This round features my thoughts on “The Master,” and “Rise of the Guardians.”
In the past I was never a fan of Paul Thomas Anderson’s films. I always found them strange, aimless, and tedious, including “There Will be Blood.” Anderson’s latest picture “The Master” marks his first that I’ve watched since becoming a critic and the one I’ve come closest to appreciating. Part of that has to do with the fact that I watch movies differently now, looking at them with a sharper eye for technical details. The other key difference was that I was appropriately intoxicated while watching the film. If you’ve seen “The Master” then you know why it’s fitting that I was intoxicated. For those who haven’t though, I’ll explain.
This postwar tale concentrates on Freddy Quell (Joaquin Phoenix), a young man drifting through life since the his release from the Navy at the end of World War II. Freddy is a raging alcoholic suffering from PTSD, who travels the country aimlessly, taking on odd jobs, which he is swiftly fired from because of his erratic drunken behavior. Things change for Freddy after he crosses paths with Lancaster Dodd (Philip Seymour Hoffman), a cult leader who takes an odd interest in him. Dodd and his clan take Freddy in, hoping to tame the loose cannon and cure him of his affliction through a series of bizarre mental control exercises. At first Freddy feels at home there, although the deeper he gets into Dodd’s cult, the more disturbed he becomes by it.
From a technical perspective, “The Master” is a majestic mixture of excellent directing, cinematography, and music. Anderson’s directing is sublime, using smooth, controlled camera movements to keep you invested even during outlandish moments. A great example is the slick tracking shot that follows Freddy through a department store as he runs around throwing objects at an angry customer. There are also impressively lit panoramic shots that will leave you breathless such as one where Freddy flees on foot through a field at dusk and another where Dodd and Freddy are taking turns gunning a motorcycle through the desert. Music in the film almost feels like it’s out of a silent movie, beautifully arranged with precision to match actions from the characters on screen.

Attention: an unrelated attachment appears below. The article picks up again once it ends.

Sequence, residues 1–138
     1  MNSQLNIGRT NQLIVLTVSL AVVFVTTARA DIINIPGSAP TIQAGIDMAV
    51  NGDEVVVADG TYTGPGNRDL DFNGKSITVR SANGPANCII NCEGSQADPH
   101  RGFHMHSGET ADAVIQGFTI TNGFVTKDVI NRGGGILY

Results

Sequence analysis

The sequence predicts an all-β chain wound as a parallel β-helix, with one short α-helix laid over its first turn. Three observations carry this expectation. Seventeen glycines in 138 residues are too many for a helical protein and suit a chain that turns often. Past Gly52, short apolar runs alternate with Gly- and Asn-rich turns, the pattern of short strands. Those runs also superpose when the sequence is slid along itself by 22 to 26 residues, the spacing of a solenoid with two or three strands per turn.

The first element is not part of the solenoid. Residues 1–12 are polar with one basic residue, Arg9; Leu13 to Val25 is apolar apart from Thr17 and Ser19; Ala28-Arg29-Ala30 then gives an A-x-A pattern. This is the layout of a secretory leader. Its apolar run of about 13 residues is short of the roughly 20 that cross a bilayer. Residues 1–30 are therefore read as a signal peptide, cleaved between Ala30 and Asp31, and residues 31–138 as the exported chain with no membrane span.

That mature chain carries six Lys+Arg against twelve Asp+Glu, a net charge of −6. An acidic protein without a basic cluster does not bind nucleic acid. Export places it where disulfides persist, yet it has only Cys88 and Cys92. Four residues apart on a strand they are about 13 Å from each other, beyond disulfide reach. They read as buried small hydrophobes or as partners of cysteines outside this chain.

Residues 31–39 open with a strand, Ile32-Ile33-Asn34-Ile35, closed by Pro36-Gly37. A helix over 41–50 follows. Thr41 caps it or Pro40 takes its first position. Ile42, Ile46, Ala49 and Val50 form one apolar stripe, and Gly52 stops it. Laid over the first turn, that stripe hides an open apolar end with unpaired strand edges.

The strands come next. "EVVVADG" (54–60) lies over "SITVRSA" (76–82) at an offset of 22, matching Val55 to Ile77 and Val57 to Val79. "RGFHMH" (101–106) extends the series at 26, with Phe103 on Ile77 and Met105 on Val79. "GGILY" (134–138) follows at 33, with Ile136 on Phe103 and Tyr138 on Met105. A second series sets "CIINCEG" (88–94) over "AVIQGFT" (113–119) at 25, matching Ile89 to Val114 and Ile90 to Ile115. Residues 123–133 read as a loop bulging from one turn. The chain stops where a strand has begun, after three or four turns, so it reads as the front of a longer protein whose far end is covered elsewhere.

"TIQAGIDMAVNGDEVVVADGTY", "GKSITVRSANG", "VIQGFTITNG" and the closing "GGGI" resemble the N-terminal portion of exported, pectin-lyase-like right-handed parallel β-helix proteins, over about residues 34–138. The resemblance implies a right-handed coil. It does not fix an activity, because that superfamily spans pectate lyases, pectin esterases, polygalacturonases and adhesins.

Despite the incredibly bizarre plot and dialogue, “The Master” is strangely captivating, constantly leaving you wondering where the relationship between Quell and Dodd will go. Most of that is due to Anderson’s and his team’s technical prowess discussed before, although the remaining bit is a result of the performances from Phoenix, Hoffman, and Amy Adams who plays Dodd’s manipulative wife. It’s a bit silly that the almost 40-year-old Phoenix is playing a “young man,” but he’s eerily convincing as an unhinged boozehound. Hoffman is intensely commanding as well playing Dodd and Adams subtly conniving as the outwardly sweet Peggy. Unfortunately there is very little payoff at the end when Quell and Dodd finally reach an impasse with one another, so all my rapt attention felt wasted. While I laud the skill with which this film was made, I don’t care for Anderson’s story enough, to watch “The Master” again.
My Grade: B+
Rise of the Guardians
The best part about “Rise of the Guardians” is its fresh approach to well-known characters from children’s folklore. In the imaginative world that this animated film crafts, Santa Claus (North), The Easter Bunny (Bunny), The Toothfairy (Tooth), and The Sandman (Sandy) work together as a superhero team known as “The Guardians,” powered by the support of kids around the world who believe in them.
Long ago, the group defeated The Boogeyman (Pitch) so kids no longer believe he exists. At the outset of the film, Pitch has decided to return and to make his presence known to the world. This prompts the commission of a new Guardian: Jack Frost, someone the other heroes hate for his mischievous weather. The remainder of the film focuses on Jack trying to earn acceptance among his new colleagues, while learning to harness his powers, so that everyone can defeat Pitch before he does them in.
Mainly this movie is fun because The Guardians aren’t the same boring personalities from tradition. North is a hulking, sword-wielding Russian with tattoos, who lives in the company of elves and yetis. Bunny is a buff Australian rabbit who knows martial arts and uses a boomerang for a weapon. Tooth is a feathery sprite who enjoys collecting teeth for the memories that they hold. And while The Sandman can’t speak, he is a powerful sorcerer, who conjures up all sorts of wild creatures.
The story in “Rise of the Guardians” is nothing impressive, and neither is the animation. It’s your average tale about an outsider trying to fit in. As the villain, Pitch has similar motives to Jack Frost, although his exact endgame is murky and his appearance to fight The Guardians feels very random at points. His predictable defeat at the end feels anticlimactic, because the film doesn’t build adequate anticipation to the final conflict.
Aside from the creativity used when designing The Guardians, the next most entertaining part of this film is the voice talent chosen to portray the central characters. Alec Baldwin does a silly Russian accent as North, Hugh Jackman actually gets to use his real accent as Bunny, Isla Fisher gives a cutesy flair to Tooth, and Jude Law has a diabolical quality as Pitch. Chris Pine does a fine job as Jack Frost, however he feels very out of place because his voice is too mature for the boyish looking guardian.
“Rise of the Guardians” excels with amusing characters and excellent voice talent, although it never rises above the status quo for this genre. Generally I dug this movie, but didn’t feel like it lived up to the standards of other great animated flicks from 2012 like “Wreck It Ralph” and “ParaNorman.”
My Grade: C+